In the medieval Irish church, the earliest bishops doubled as abbots, with the bishop becoming the junior of the two positions. From the 8th century, if not earlier, the house of Armagh claimed foundation from Saint Patrick, the position of comarba Pátraic was held by the abbot of Armagh until the position of abbot and bishop were merged again in the 12th century, with the creation of the archbishopric of Armagh. Primate of All Ireland Irish Bishops Conference
Raymond FitzGerald, nicknamed Le Gros, was a Cambro-Norman commander during the Norman invasion of Ireland. Raymond was among the first of a small band of Norman knights who landed on the South coast of Ireland before being reinforced by a larger force led by Richard de Clare, 2nd Earl of Pembroke, he was active consolidating Norman rule over Ireland before he retired to his estates in Waterford where he died in the late 12th century. Raymond grew up in Wales, was a grandson of Princess Nest ferch Rhys, daughter of Rhys ap Tewdwr, the last independent Prince of South Wales, his father was William Lord of Carew. He was sent by Strongbow to Ireland in 1170, landed at Baginbun Head at the Hook Peninsula, near Waterford, where he was besieged in his entrenchments by the combined Irish and Ostmen, whom he repulsed. Although vastly outnumbered in this battle, he won a resounding victory which he achieved by rounding up a nearby herd of cattle which his men had foraged and driving them headlong into the oncoming enemy ranks.
The result was that about 1000 of the combined Galic and Hiberno-Norse force were either killed or captured. He was Strongbow's second in command and had the chief share both in the capture of Waterford and in the successful assault on Dublin, he was sent to Aquitaine to hand over Strongbow's conquests to Henry II of England, but was back in Dublin in July 1171, when he led one of the sallies from the town. Strongbow offended him by refusing him the marriage of his sister Basilia, widow of Robert de Quincy. Raymond retired to Wales and Hervey de Mountmaurice became constable in his place. At the outbreak of a general rebellion against the earl in 1174, Raymond returned with his uncle Meiler FitzHenry, after receiving a promise of marriage with Basilia, he brought about 450 men with him and relieved Strongbow, under siege in Waterford. His marriage to Basilia took place in Wexford directly following this encounter. Reinstated as constable, he secured a series of successes including the capture of Limerick city in October 1175.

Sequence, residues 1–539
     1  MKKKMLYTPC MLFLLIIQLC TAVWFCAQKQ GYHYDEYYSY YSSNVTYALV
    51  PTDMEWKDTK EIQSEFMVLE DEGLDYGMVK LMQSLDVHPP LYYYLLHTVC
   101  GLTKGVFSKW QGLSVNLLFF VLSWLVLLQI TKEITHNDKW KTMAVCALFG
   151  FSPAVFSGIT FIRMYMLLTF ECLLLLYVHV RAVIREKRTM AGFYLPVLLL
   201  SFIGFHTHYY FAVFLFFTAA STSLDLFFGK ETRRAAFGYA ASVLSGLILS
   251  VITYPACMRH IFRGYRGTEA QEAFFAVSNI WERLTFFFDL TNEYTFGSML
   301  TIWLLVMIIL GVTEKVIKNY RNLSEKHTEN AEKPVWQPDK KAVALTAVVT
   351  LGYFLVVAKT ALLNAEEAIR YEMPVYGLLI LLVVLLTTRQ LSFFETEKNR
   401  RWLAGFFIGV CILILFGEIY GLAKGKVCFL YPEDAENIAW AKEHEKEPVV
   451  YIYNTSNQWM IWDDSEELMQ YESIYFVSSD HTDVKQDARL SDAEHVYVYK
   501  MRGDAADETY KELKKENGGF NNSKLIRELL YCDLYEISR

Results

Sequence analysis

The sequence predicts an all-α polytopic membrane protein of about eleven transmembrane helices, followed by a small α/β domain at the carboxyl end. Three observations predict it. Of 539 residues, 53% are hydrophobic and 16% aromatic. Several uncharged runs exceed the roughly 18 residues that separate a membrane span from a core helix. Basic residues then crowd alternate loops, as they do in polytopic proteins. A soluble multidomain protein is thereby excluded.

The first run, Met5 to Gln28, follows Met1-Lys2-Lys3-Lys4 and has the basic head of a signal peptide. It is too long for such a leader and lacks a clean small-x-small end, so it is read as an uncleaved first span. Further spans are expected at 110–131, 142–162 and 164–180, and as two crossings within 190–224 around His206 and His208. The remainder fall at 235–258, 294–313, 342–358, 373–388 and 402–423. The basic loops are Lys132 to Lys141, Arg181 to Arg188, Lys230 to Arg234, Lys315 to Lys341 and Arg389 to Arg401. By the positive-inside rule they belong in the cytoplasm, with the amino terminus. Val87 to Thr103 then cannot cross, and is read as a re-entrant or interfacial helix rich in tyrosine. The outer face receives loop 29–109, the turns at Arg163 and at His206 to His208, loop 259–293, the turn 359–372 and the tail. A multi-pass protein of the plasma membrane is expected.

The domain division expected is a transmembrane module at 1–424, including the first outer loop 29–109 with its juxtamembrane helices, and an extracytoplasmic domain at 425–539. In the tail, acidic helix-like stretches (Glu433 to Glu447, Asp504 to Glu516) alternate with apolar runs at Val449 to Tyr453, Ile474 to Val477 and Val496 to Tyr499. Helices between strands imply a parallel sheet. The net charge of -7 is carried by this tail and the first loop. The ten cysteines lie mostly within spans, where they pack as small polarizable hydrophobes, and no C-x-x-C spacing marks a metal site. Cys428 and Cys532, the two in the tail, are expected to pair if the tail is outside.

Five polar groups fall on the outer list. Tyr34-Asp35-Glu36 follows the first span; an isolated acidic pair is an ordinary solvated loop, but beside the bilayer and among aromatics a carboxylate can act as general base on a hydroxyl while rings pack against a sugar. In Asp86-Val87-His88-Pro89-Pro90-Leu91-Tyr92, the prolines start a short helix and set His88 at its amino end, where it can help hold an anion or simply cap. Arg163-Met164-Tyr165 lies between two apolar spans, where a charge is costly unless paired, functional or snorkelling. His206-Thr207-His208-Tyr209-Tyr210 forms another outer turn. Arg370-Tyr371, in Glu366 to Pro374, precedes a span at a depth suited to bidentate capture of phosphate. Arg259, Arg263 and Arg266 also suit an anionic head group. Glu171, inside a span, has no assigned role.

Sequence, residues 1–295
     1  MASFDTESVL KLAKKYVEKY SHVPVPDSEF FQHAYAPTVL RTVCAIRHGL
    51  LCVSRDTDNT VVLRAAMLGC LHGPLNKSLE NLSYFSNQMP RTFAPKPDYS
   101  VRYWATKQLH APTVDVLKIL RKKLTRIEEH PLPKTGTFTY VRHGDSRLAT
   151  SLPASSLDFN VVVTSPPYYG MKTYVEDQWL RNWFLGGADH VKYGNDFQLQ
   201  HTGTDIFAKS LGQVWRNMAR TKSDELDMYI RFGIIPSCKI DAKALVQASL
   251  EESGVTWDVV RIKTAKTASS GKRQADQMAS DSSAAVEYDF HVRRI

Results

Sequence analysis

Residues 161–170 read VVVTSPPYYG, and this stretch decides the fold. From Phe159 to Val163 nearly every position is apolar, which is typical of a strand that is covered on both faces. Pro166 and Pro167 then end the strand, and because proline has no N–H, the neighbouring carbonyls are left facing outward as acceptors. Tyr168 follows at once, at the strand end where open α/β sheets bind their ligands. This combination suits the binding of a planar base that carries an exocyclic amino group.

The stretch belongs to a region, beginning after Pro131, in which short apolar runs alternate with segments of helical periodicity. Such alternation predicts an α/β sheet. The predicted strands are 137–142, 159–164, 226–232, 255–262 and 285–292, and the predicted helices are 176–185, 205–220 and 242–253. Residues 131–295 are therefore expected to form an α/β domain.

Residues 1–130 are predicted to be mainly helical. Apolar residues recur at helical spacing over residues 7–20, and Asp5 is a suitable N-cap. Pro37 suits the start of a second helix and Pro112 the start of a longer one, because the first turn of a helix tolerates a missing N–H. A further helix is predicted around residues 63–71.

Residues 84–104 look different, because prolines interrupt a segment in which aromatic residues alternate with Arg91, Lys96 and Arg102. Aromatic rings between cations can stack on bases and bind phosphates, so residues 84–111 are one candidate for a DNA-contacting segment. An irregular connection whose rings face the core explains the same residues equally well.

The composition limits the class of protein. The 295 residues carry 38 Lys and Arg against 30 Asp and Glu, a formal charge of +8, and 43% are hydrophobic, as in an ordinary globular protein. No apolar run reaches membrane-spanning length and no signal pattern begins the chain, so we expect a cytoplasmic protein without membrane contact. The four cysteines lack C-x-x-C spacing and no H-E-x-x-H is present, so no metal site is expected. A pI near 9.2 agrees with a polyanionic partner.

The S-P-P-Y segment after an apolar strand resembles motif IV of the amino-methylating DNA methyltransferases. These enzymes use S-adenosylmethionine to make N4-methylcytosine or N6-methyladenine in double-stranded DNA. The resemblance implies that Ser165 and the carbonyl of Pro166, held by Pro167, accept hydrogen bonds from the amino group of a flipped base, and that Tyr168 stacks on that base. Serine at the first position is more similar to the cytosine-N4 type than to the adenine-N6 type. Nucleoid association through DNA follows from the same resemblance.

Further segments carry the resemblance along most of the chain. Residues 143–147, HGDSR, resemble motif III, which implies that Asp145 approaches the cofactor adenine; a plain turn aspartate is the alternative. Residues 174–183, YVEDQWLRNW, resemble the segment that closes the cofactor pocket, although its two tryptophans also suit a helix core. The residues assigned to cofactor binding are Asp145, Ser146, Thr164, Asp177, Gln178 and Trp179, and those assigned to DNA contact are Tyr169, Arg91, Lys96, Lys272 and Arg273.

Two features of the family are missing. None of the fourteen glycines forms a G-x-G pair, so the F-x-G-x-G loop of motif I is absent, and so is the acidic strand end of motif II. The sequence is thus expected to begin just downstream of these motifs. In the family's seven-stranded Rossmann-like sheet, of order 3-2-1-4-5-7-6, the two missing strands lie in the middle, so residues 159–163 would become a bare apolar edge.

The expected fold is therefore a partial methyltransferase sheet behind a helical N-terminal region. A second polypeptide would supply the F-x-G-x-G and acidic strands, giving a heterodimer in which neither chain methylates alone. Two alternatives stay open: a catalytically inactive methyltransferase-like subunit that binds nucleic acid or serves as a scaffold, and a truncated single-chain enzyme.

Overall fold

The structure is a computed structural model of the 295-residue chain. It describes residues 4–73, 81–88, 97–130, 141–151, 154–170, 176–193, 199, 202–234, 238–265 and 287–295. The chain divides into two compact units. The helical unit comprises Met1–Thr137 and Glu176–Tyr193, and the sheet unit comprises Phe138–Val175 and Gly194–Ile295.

Mountmaurice meanwhile obtained Raymond's recall on the ground that his power threatened the royal authority, but the constable was delayed by a fresh outbreak at Limerick, the earl's troops refusing to march without him. On the death of Strongbow, he acted as governor until the arrival of William FitzAldelm, to whom he handed over the royal fortresses, he was deprived of his estates near Dublin and Wexford, but the Geraldines secured the recall of FitzAldelm early in 1183, regained their power and influence. In 1182 he relieved his half-uncle Robert Fitz-Stephen, besieged in Cork. In 1185, his first cousin Philip de Barry, son of William FitzOdo de Barry came to Ireland to assist in the recovery of some cantreds in the Kingdom of Desmond; the time of his death is not certain. He was alive when John of England came to Ireland in 1185. Gerald of Wales did not record his death in his Expugnatio Hibernica, finished in 1189, his widow Basilia married Geoffrey FitzRobert at some time between 1198 and 1201.
According to tradition he was buried in Molana Abbey. He is described by Giraldus Cambrensis as "very stout, a little above the middle height, his nose was rather prominent, his countenance high-coloured and pleasant. Such was his care of his troops that he passed whole nights without sleep, going the rounds of the guards himself, challenging the sentinels to keep them on the alert... He was not effeminate in either his food or his dress, he was a liberal and circumspect man. Raymond is considered the soldier. Raymond is remembered in song; the song contains a detailed hymn, stylized him a hero: Translated: I will tell you of a knight, named Raymond le Gros. He was a brave and victorious follower, he was rich and powerful, counting the mightiest to its peers. Raymond Constable is the region of Leinster, he holds good men under the command of Count. He recruited soldiers and knights, archers and mercenaries to hunt the king's enemies in Ireland and to shame. Connolly, S. J. ed. "Raymond fitz William", The Oxford Companion to Irish History, Oxford University Press, ISBN 0-19-211695-9 Flanagan, M. T. "Fitzgerald, Raymond fitz William", Oxford Dictionary of National Biography, Oxford University Press, doi:10.1093/ref:odnb/9582, retrieved 24 August 2010 Gwynn, Aubrey.
"Allies and an Overlord, 1169–72". In Cosgrove, A. Medieval Ireland, 1169–1534. New History of Ireland. Oxford: Oxford University Press. Pp. 67–97. ISBN 978-0-19-821755-8 – via Google Books. Orpen, Goddard Henry, Ireland under the Normans, 1169-1216, 1–2, Oxford Roach, The Norman Invasion of Ireland, Anvil Books, ISBN 0-947962-81-6Attribution This article incorporates text from a publication now in the public domain: Chisholm, Hugh, ed.. "Fitzgerald, Raymond". Encyclopædia Britannica. 10. Cambridge University Press. P. 445. Orpen, Goddard Henry, Ireland under the Normans, Dublin: Four Courts, ISBN 1-85182-715-3 All four original volumes in one. E